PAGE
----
Having maximum impact while remaining concise Identifying core information Ensuring speech density Assessing the risk of using flowery language internationally Managing time: a crucial implicit message according to culture Module 2: Giving a common message to as many cultures as possible 1. Build your speech depending on your objectives and the cultural context Making different types of speeches Defining the needs of various organizations depending on the culture Assessing the importance of context in communication depending on the culture Comparing the French model with the Anglo-Saxon model Characteristics of an international plan: the inverted pyramid Following the 3 stages of creation and the CHOC method for a punchy presentation Building the presentation as a coherent whole 2.

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Convincing through demonstration, winning approval by personal commitment Delivering the message Organizing the arguments Adapting the transitions Using analogies and illustrations 4. Taking cultural diversities into consideration during the exchange Group management rituals Answering questions effectively Being aware of cross-cultural differences during discussions Identifying hierarchy and power stakes in cross-cultural communication Time management: perception and use of time, intervals during the presentation Maintaining contact: look, listen, rephrase, conclude.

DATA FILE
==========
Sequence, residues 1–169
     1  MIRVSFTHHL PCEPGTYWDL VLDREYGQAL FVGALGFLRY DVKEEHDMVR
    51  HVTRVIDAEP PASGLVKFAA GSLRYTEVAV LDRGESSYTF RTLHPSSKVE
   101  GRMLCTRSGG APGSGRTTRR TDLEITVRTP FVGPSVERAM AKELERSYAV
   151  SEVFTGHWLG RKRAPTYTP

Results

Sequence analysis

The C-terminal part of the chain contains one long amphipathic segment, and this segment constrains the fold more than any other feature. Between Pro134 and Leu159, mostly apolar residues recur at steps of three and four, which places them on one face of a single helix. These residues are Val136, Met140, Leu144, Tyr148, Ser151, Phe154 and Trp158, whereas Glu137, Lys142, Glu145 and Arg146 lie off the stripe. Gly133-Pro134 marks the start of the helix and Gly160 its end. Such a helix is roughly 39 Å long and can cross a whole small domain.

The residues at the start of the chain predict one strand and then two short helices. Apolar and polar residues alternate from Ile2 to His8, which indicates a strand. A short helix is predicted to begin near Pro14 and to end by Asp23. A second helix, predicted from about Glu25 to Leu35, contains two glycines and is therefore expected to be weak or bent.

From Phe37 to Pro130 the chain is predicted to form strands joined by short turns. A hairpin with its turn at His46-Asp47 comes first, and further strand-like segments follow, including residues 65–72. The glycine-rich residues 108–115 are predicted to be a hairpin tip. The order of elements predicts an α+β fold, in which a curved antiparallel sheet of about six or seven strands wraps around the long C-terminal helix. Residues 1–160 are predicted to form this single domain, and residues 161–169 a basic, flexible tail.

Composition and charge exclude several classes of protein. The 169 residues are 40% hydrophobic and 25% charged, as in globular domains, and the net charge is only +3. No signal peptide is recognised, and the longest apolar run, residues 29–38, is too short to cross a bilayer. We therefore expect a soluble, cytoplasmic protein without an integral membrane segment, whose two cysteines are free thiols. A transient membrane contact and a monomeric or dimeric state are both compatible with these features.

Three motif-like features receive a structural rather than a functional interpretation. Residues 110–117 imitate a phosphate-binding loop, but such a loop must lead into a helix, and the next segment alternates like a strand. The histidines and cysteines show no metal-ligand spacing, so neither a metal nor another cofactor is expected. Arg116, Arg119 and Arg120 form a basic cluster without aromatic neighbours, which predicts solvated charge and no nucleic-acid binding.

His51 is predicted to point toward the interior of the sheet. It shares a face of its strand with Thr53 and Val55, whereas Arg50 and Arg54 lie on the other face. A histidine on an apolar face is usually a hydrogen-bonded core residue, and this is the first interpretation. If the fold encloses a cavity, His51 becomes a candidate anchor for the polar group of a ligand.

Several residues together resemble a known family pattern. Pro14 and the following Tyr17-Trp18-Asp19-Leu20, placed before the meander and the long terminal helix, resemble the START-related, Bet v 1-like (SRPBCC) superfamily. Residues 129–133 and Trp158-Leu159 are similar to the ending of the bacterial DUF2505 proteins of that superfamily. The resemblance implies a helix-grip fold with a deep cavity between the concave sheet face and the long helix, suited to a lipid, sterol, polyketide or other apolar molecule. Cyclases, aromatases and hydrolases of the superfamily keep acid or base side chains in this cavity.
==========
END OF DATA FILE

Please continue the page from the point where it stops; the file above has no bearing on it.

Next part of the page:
I often tell the story of an Indian client of mine who works for a major global telecommunications company headquartered in the US. He is a newly promoted director of Technical Support, based in India, and his American boss and other senior leaders were flying in to hear about progress of an important customer initiative.

My client explained in some detail what he had achieved, his strategic thinking and the success it had created. Already at risk of losing a western audience more comfortable with shorter, sharper presentations with less background , he was so keen to impress his seniors and reassure them he was doing a good job for them that he forgot to mention his team. This is typical of a high-context style presentation: going at length through the background, the history and the reasoning to eventually arrive at the solution that has been achieved.

Unfortunately this generally loses western audiences who like their presentations to get quickly to the point.